Tag Archives: memories

2015 at The Stolen Colon

I’m always amazed at the end of each year as I look back and realize all that happened in the past 365 days. Obviously 2015 held even bigger changes than previous years as I announced  my pregnancy at the beginning of the year and gave birth (amid some ostomy drama) to my son. And if that wasn’t enough, in my personal life, we settled into our new home that we moved into just before the beginning of the year, I decided to leave my full-time job in favor of working from home and getting to spend time with my kid, and celebrated 5 years of marriage to my husband.

I thought I’d take this chance to highlight some of my favorite posts from the past year. I actually had a hard time narrowing this down because there were a lot of posts that really meant a lot to me this year. It’s pretty pregnancy / baby dominated, but I’m OK with that!

2015 stolen colon year in review ostomy baby crohn's disease ileostomy ibd inflammatory bowel disease
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From the mother of a Crohn’s disease patient

In honor of Mother’s Day, here is a post from a very special mother. She has been by my side, all of these years, fighting for me as I tried to navigate this life living with Crohn’s disease. Mom, you are such an amazing, beautiful, godly, strong woman and I am so proud to call you my mother. I know I would not be the woman I am without your love and support. Happy Mother’s Day!

One of the greatest fears of a parent is to have something bad happen to their child. I remember watching some telltale signs of weakness in
Stephanie, knowing she was running to the bathroom, and feeling generally lousy. Was it a stomach virus, salmonella, even a parasite? One by one, these were ruled out by medical tests, while Stephanie was getting more tired, paler, and thinner.

Our family doctor wanted her to see a GI, and he ran more tests, while telling me ‘not to jump to conclusions’ when I asked if it could possibly be Crohn’s.
He wanted to try some oral meds, and wait for them to work, while Stephanie continued to get weaker, paler, thinner.

stephanie hughes crohn's disease sick hospital lost weight child kid duke stolen colon ostomy colitis blog family parents sistersUltimately, we wound up with the pediatric GI team at Duke Hospital, and a correct diagnosis was made and treatment begun. My 75 lb. Stephanie, now only 50 lb., would spend the next 25 days in the hospital, and the following year recovering. Mother’s Day 2000, I was happy to have my baby on the mend – even though she was full-faced from all the steroids, hair in complete disarray as so much had fallen out, and now new hair was coming in underneath, but she was alive!

Several Mother’s Days since have been spent at her bedside, or walking the floor praying for strength for her. Mother’s Day 2008, we proudly watched her graduate from UNC Chapel Hill, thankful she made it through, sometimes on sheer will and determination. Mother’s Day 2012 was celebrated at her home, as we tended to Stephanie, just home from the hospital after her Ileostomy. Mother’s Day 2014 – my baby is feeling great, in Italy on a second honeymoon with our wonderful Jarrod.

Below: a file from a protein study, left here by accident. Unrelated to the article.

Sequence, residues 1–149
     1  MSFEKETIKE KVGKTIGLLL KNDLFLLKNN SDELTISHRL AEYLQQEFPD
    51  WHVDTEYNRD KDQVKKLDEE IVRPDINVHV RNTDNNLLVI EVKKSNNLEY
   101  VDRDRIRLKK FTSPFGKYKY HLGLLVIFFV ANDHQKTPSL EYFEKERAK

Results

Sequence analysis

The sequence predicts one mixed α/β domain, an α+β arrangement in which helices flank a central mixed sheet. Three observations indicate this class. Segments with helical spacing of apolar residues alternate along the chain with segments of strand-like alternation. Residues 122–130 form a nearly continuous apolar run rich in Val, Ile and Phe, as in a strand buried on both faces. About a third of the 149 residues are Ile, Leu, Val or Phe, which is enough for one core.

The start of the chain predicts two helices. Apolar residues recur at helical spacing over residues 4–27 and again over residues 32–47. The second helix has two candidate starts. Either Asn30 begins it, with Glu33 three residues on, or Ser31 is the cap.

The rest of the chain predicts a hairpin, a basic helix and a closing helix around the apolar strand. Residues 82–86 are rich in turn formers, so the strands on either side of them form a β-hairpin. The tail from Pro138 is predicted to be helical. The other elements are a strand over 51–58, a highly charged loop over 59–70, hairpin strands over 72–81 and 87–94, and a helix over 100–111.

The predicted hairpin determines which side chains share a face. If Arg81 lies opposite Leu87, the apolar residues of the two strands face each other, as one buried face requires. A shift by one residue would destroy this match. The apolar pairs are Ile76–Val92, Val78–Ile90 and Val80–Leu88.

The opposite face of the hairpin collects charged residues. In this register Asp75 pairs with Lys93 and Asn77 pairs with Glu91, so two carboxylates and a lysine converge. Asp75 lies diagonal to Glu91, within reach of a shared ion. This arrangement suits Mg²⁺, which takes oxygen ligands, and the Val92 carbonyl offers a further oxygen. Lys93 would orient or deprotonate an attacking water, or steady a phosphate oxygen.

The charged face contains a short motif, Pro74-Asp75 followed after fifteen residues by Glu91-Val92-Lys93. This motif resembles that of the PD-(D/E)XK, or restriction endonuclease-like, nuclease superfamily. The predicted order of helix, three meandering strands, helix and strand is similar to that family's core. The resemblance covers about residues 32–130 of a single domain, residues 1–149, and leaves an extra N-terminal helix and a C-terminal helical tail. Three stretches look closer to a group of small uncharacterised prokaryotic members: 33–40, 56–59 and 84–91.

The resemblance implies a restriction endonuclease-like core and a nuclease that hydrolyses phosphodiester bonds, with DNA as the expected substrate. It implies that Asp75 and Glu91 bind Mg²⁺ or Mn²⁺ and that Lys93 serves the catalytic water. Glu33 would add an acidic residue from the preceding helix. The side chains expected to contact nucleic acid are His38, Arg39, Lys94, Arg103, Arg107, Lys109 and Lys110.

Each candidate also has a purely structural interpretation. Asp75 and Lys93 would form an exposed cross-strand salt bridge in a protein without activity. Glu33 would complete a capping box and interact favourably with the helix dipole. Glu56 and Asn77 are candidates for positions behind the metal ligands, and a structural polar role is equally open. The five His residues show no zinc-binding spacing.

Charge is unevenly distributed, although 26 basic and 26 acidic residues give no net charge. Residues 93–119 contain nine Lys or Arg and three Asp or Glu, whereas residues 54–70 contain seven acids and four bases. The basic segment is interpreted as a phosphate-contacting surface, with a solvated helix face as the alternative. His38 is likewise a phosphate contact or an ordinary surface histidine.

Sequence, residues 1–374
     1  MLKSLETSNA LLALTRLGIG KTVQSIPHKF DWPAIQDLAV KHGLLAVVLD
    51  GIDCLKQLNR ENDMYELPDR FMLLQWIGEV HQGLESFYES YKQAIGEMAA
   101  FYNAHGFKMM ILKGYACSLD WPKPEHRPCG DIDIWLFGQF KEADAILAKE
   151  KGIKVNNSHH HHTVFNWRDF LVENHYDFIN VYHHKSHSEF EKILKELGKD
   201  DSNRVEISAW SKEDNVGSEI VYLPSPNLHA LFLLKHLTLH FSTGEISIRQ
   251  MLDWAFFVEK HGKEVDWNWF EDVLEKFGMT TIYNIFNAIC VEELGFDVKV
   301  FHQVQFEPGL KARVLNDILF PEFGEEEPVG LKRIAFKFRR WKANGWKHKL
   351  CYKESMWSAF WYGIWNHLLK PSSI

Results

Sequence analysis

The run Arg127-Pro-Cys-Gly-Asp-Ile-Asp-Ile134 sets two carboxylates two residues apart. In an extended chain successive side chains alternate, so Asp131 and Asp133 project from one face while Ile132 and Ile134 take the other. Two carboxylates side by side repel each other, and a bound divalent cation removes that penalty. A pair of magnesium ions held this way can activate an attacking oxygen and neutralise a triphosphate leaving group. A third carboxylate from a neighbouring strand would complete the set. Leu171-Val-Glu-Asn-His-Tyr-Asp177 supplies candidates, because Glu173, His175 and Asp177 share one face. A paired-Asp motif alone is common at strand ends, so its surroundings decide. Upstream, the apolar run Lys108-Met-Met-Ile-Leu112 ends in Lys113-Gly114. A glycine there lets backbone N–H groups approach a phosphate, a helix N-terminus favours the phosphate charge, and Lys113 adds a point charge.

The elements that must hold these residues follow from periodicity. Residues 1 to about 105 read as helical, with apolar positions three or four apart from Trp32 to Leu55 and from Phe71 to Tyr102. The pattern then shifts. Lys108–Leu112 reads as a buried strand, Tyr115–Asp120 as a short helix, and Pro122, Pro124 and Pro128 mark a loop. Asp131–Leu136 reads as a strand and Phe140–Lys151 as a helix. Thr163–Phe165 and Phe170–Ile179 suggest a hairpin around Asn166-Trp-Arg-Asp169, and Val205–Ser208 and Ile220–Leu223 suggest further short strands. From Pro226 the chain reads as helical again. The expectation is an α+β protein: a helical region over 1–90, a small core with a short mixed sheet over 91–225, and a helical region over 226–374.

I may not know what tomorrow holds, but I know Who holds tomorrow. Happy Mother’s Day to all women who are, will be or have a mother.


My 2 year Stomaversary!

What I have learned in the past 24 months of living with an ostomy

It is amazing to me to think that on this very day, just two short years ago, I was at UNC hospital, saying ‘goodbye’ to my colon. (I actually wrote an obituary for my colon that day!) At that point, I was scared, but I was ready. I was ready to start feeling better. I was ready to be able to walk again without being in an enormous amount of pain. I was ready for my life to start again.

For several months, I felt like everything had just stopped. I had quit my job because I was feeling so bad. I had a hard time going out with friends, even for a short time. And I was trying every last-ditch effort I could think of to save my colon, like changing my diet and ultimately going cold turkey off of all meds. (Side Note: Not a good idea.) But obviously, none of it worked.

I think back to those times and wonder… Why did I fight it so hard? What if I had gotten the surgery soon? How would that have changed those years of suffering and exhaustion? But I realize that I should never think like this. It doesn’t matter “What if.” All that matters is what happened and where I am now. I also don’t think that I would as fully appreciate the new life my ostomy has given me if I hadn’t been through all of those things. I may not be as comfortable as I am with my ostomy if I didn’t have the memories of the difficult journey I have been through.

That’s the reason that I would never tell anybody, “You should get your colon removed and get an ostomy… It’s great… I’ve never felt better… I wonder why I didn’t do it sooner.” If you are blessed, as I was, with the ability to make a decision about having the surgery, rather than being taken into emergency surgery, then it should be taken seriously. The decision to let go of your colon and accept the idea of an ostomy bag, especially a permanent one, is a HUGE decision. It will change your life. It will affect the way you feel about yourself. It is a decision that the patient needs to make and on they need to be able to live with. So I would never push somebody in the direction of having surgery.

What I am here to say is, “It’s going to be OK.” Whether you have run out of options or you have just accepted the fact that you will do whatever it takes to feel better, this decision is not going to ruin your life. It does not have to be so scary. It does not have to be so devastating. Just as each person living with Crohn’s disease or ulcerative colitis have found a way to make it through each day and have adapted to the changes it has brought to their life, you also learn to live with an ostomy.

And after 730 days of living with an ostomy, that is exactly what I have found: It’s all OK.